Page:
I set my alarm for 3:30am the night before the Triple Bypass. I sure as hell didn’t want to get up that early, but I knew it was going to be a long day and wanted to get started around 5am. I figured that would be my best chance to avoid any afternoon rain storms. Getting up was actually easy, I was excited about the epic ride that ahead of me. I brewed up a cup of Bulletproof Coffee to fuel my efforts and got on the road.
It was still dark outside and as I approached Evergreen, where the start was, all the cars on the road had bikes attached. It made sense what other crazy people would be out at four something in the morning. There was a lot of traffic in Evergreen and parking was at a premium. Finally I was directed to a parking spot and got ready to hit the road.
I wasn’t sure what to expect weather wise, I decided to skip all the warm weather gear and just take my rain jacket. This turned out to be a good decision.
I started at about 5:30am, it was still dark but the sun was slowly rising painting the sky a brilliant array of colors. This, set with the beautiful mountain landscape made the start a surreal experience. And that was a good thing, because we started climbing right away.
I’d only been on Highway 103 once, and it was in a car several years ago. My friend Adam and I had gone boarding at Echo Moutain, a small terrain park along that road. I’m not exactly sure what it’s become now, but we passed it and it brought back some great memories.
This first climb was hard, but I felt good and once I reached the first aid station at the top I didn’t want to waste much time. I got water, hit he restroom and got back out there. I made a major mistake at this point, I forgot to start my GPS again.
The decent was fun, lots of speed, but a lot of sharp curves. There were still a lot of other cyclists on the road and it made parts of this a little scary. The road wasn’t horrible but not in the best shape. You really had to pay attention and weave through the people. We needed up in Idaho Springs, a familiar place. There were tons of spectators cheating us on on and a giant Escalade that was in the middle of the road. It was in my way so I passed it and proceeded under I-70. This is the spot that Jessica and I start riding from, so it was a familiar course.
There were to guys from Portland that had passed me, then I passed them. After a few minutes one of the guys rode up to me and asked if I wanted to work with them. I said sure and we started a pace line. I chatted with them for a little bit. One of the guys was from Colorado originally. This was the first time he had done the Triple though. He was having a hard time wight he altitude.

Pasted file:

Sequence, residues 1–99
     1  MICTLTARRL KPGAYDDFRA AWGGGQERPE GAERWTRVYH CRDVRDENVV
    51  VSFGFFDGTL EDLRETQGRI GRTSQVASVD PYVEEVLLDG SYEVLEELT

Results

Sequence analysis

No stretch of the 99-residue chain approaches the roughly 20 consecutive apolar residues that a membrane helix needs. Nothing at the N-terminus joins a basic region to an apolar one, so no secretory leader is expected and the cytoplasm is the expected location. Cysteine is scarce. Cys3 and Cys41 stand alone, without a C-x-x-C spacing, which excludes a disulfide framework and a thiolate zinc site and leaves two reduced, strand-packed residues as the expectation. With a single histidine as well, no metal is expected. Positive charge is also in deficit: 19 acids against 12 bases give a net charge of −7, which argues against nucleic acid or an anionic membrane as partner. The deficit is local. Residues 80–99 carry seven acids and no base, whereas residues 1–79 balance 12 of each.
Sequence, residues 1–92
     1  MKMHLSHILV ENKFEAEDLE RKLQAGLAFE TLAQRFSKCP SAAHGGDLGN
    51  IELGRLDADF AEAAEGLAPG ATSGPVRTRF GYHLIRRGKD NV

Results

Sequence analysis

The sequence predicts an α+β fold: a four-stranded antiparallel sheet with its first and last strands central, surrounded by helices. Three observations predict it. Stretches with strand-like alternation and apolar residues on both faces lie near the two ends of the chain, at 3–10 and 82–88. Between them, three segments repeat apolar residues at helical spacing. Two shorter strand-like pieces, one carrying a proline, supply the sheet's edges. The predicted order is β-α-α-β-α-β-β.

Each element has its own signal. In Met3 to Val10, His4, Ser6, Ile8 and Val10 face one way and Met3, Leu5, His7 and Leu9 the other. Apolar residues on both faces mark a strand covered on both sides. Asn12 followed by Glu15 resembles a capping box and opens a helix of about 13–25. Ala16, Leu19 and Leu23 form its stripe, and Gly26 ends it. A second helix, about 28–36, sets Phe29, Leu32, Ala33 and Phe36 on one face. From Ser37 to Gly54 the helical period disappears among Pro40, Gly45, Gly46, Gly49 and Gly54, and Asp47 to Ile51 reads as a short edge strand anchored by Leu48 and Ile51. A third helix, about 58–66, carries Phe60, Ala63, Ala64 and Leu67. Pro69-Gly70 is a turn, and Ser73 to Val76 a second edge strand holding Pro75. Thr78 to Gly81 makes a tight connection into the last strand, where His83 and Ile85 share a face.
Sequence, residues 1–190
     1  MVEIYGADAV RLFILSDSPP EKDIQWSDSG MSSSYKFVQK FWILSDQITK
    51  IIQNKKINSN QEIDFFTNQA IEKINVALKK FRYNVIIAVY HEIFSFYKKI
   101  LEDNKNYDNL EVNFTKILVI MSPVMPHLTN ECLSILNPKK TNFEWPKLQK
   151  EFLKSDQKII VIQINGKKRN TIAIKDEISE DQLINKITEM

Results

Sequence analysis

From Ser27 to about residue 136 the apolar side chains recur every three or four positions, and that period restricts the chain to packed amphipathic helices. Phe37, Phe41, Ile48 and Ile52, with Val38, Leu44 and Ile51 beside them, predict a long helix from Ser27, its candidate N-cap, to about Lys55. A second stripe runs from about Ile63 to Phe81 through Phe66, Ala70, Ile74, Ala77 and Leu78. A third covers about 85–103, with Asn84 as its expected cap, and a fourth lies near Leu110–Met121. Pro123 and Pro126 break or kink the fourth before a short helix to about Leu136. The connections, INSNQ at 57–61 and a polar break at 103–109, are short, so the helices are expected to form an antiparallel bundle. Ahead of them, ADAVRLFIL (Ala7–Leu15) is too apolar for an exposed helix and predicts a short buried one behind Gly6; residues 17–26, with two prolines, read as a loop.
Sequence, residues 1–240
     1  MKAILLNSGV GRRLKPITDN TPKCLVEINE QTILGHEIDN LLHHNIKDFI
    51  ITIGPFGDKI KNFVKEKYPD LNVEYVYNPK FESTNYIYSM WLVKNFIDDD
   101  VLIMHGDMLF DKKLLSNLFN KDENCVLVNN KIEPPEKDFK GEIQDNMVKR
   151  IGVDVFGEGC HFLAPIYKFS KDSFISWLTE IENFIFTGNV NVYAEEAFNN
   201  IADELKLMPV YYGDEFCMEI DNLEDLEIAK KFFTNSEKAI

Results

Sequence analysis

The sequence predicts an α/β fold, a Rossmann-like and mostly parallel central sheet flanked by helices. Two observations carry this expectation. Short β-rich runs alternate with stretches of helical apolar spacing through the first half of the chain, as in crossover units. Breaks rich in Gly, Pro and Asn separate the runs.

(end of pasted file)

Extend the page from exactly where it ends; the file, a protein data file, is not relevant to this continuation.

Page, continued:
We hit the second aid station, I filled my water and got back on the road. This is the spot I realized that I hadn’t started the GPS. I got it going again, cursed about the missing data, but what was I going to do?
The ride up to Loveland Pass was mostly uneventful. It was a ride I was very familiar with. The bike path to Loveland was difficult for me. I’m not sure if my legs were getting tired or it’s because Jessica told me that she though that was the hardest part of the Loveland ride. I got through it though and ended up at the Loveland ski area and the next aid station. At this point I was ahead of the the crowd as there were hardly any people there. They had lunch for us. They had a gluten free sandwich that I though I’d try. It was discussing.
I got back on the bike to climb Loveland Pass. The weather was perfect, cool, not to windy and the sun was out. It made for a great climb. I didn’t even bother to stop at the top, and just kept riding. Going down the other side was fun. I had climbed that side on Ride the Rockies, but didn’t get to go down. It was basically all downhill through Keystone. It was fun. They had closed off the road to traffic. Just before Keystone there was a Jeep that a State Trooper had told to turn around. He had some mountain bikes on the back of the Jeep. There was a cyclist in front of me ridding in the middle of the road. The Jeep came flying by almost hitting some opposing traffic and flipping of the rider in front of me. While the cyclist should have been further to the right, I couldn’t believe the guy in the Jeep, some people.